[Disclosure – one of our meals was complimentary for the purposes of this review but we paid for the other one]
There’s a reason why most serious chefs don’t drink copious amounts of wine before they’ve finished plating up their dishes and sending them to the table.
You will find that reason at the very bottom of this post where what should have been a beautifully-presented dessert courtesy of the brand new Antona at Home delivery service was rendered more befitting of a child’s birthday party. For that, Andreas, I am eternally sorry.
Alcohol consumption aside, if I’ve learned one thing from my various lockdown restaurant meals at home, it’s that plating up like a proper chef is far more difficult than it looks, but is a hell of a lot of fun trying to get it right.
In case you missed the launch of one of the latest delivery services from one (well, two) of the country’s top restaurants, then let me present Antona at Home. Created in the wake of Covid-19, it’s the at-home service from the team behind Simpsons in Birmingham and The Cross in Kenilworth, bringing together food from both restaurants alongside the experience of their owner, Andreas Antona.
The same concept applies as with the Elite Bistro at Home meal I wrote about, and others that are yet to appear on this blog. Check out the menu, order your choices, add wine if you like, and then lo and behold, your dinner – carefully cooked and prepared by top chefs – appears at your front door.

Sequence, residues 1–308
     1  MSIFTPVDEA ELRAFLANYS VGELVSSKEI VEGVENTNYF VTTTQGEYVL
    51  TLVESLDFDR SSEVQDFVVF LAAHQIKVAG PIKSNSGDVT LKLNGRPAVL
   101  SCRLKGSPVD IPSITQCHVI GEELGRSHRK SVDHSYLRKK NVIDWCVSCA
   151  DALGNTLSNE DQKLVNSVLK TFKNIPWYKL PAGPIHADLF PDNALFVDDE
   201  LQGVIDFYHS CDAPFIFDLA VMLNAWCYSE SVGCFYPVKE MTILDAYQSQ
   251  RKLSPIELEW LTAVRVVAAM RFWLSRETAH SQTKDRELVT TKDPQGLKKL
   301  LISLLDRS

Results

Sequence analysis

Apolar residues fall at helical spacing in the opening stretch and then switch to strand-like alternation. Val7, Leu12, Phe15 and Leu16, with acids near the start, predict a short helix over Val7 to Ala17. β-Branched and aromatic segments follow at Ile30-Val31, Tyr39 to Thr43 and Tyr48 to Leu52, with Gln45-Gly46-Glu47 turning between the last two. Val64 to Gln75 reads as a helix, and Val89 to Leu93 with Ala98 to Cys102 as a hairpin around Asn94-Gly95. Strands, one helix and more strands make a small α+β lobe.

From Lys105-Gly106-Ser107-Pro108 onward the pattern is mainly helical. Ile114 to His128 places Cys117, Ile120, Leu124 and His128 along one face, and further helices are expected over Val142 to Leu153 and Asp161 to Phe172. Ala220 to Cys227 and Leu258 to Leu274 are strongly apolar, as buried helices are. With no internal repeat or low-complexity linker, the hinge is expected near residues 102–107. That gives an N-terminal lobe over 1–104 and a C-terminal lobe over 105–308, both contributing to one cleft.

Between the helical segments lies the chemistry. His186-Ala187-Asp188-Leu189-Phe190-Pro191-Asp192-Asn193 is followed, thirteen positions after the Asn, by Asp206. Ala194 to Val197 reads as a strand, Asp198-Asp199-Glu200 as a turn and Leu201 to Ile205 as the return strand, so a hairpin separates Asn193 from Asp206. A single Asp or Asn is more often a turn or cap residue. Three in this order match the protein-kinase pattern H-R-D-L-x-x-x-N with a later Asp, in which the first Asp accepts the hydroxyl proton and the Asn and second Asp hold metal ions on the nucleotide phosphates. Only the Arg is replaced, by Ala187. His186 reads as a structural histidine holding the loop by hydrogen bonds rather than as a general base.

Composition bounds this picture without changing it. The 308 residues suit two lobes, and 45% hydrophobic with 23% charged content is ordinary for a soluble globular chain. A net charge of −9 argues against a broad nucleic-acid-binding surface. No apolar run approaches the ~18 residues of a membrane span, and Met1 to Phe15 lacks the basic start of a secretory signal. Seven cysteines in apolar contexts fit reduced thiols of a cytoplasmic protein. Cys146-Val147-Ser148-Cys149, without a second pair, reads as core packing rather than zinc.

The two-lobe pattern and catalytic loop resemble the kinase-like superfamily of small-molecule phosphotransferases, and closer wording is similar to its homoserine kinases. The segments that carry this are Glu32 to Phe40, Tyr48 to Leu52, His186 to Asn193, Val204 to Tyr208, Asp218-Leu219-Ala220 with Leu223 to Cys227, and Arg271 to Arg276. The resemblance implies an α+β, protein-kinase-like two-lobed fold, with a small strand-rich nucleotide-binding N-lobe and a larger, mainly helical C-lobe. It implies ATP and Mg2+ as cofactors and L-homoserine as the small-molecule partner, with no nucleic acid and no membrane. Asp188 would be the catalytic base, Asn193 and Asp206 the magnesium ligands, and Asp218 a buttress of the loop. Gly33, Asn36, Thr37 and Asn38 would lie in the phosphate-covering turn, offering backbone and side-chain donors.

All that’s left is for you to reheat is as per their instructions and take care of that small matter of the presentation. Before you get to the bottom of this post, I’ll get our defence of our horrific presentation skills in quick. The only excuse we have (apart from the wine) is that the videos of the presentation hadn’t been uploaded to social media when we tried Antona at Home, so we were pretty much ‘winging’ it. And yes, it shows.
First up was Jamie’s salmon rillette. A fresh, light starter of poached salmon with a wasabi and buttermilk sauce, plus chive oil, smoked almonds and cucumber balls as well as a frisse garnish. Delicate salmon, its flavours gently teased out with the addition of dill and lemon, while the chive oil wasn’t just there to add a funky look for all the Instagrammers out there, but brought an extra dimension of flavour to an already great dish.
If a delicate, salmon starter was somewhat out of character for Jamie to order, a meat and fish-free cajun-spiced butternut squash dish served with pecorino custard and dill and yoghurt dressing was a pretty unusual choice for me too.
The kind of dish I wish I could make myself for a light lunch but will undoubtedly never achieve since I can’t make sweet custard using Bird’s powder, let alone a savoury version, this is somehow autumnal yet summery all at the same time.
The tender, slightly sweet spiced squash, would have been a delight on its own but the salty, savoury and deliciously smooth custard elevated it from something you could cook at home to a delight produced by experts. Add a dill and yoghurt dressing and some crunchy, toasted pine nuts and there’s a winning starter for you.
Perhaps predictably, Jamie had chosen the most meaty, substantial dish on the menu. Like every dish we’ve tried from one of these restaurant boxes, it may have sounded simple on a website menu, but the reality was more complex, more tasty, and well, just more.